I also recognize that my religious orientation is far from the only one being observed by my neighbors, or even my friends. I live in a community with a significant Muslim population. I see women with hijabs on their heads daily; I also presume the men who accompany them also are of the Muslim faith.

Why wish someone a Merry Christmas who doesn’t observe the holiday? A “happy holiday” would suffice. Why, they likely would smile back and wish the same for the retail employee.

Donald Trump once stupidly asserted that if he were elected POTUS that he would “make” businesses wish customers a “Merry Christmas.” Of course, the president has no authority to issue such an order. But … it played well among the MAGA base that helped elect their moronic leader to office in 2016.

The simple act of wishing people a happy holiday is a recognition of the pluralistic society in which we live. It should offend no one — not a single patriotic American — even a little bit to hear it.

I submit the pluralism plays a huge part in “making America great.”

No ‘war on Christmas’

Bill O’Reilly is still off the air, which makes me happy in that I won’t have to listen to the blowhard lament the so-called Liberal Media War on Christmas.

The war has never existed. It never will. O’Reilly used his Fox Propaganda Network platform to declare regularly that the media sought to rid society of Christmas references, apparently because the media comprise — in O’Reilly’s view — godless heathens who dismiss the religious significance of the holiday.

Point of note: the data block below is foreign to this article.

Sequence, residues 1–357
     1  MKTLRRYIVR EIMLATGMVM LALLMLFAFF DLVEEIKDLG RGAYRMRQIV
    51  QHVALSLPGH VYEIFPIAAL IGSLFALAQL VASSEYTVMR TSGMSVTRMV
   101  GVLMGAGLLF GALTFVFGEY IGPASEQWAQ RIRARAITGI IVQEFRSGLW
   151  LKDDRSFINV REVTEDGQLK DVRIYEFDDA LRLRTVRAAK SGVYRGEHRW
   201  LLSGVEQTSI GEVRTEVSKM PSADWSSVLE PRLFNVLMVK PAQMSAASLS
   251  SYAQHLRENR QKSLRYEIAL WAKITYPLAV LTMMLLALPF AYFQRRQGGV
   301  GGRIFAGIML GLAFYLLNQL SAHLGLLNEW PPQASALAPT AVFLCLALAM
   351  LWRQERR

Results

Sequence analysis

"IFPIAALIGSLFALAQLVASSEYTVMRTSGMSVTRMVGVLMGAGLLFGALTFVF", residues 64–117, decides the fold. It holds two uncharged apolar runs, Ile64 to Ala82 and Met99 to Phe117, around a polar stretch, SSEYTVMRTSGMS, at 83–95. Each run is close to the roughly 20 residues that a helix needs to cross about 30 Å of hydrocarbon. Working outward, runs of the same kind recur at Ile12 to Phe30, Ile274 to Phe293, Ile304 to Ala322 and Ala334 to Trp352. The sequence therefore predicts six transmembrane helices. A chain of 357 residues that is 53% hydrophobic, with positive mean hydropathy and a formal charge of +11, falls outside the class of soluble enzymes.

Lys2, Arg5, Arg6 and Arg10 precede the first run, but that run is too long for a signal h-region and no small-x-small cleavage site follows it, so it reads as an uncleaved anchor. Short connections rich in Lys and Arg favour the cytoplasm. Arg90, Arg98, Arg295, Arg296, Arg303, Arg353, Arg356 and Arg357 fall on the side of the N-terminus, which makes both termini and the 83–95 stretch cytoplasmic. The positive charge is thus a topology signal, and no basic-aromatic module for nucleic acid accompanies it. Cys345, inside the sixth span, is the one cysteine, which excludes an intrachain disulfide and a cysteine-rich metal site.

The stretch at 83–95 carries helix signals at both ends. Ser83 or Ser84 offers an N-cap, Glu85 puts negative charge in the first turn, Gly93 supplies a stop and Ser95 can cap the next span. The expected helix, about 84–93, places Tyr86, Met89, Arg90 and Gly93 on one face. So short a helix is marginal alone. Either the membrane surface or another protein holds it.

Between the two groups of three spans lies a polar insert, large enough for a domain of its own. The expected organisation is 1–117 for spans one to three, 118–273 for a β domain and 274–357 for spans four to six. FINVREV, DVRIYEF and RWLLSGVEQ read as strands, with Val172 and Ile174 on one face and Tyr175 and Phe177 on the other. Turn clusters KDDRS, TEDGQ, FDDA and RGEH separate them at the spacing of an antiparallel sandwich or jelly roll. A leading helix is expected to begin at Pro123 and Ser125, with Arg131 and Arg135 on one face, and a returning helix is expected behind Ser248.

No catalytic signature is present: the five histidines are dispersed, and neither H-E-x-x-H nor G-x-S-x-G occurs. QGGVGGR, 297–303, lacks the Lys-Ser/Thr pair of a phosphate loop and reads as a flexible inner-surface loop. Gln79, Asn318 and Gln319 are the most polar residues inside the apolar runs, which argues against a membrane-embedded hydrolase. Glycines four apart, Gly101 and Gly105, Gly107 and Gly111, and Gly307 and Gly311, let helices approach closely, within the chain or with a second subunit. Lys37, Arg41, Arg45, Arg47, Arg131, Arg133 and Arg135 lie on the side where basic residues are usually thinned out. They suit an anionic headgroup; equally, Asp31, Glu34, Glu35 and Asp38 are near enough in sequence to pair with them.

That ain’t true. Neither is the media’s war on the holiday true.

The only “enemy” of the spirit of Christmas lies within the corporate executives of the companies that profit from all the gift-buying that occurs between the day after Christmas and New Year’s Day.

And do you remember when Donald Trump declared his intention in 2016 to make businesses wish customers a Merry Christmas? That was a singularly stupid proclamation, given that a president has no legal authority to issue such an order.

So, the Christmas buying season is upon us. Millions of Americans will put up their Christmas trees, decorate their homes with Santa, Rudolph, Mrs. Claus, elves and, yes, Nativity Scenes to commemorate the holiday.

There will be no war on Christmas!

A Christmas film? You bet!

I will be brief with this blog post, in that I want to deliver a simple, straightforward message.

“Die Hard,” the first in a series of films, should be considered a Christmas movie. It’s a Christmas movie, man! Period!

Bruce Willis portrays Detective John McClane, whose wife, Holly — portrayed by Bonnie Bedalia — is attending a Christmas party. Terrorists led by Hans Gruber — portrayed by the late Alan Rickman — take the partiers captive.

McClane fights like the dickens to free them. There are Christmas references sprinkled throughout the film. McClane is successful, Gruber falls 30 stories to his death.

And everyone is able to enjoy Christmas.

I feel better already just making this proclamation.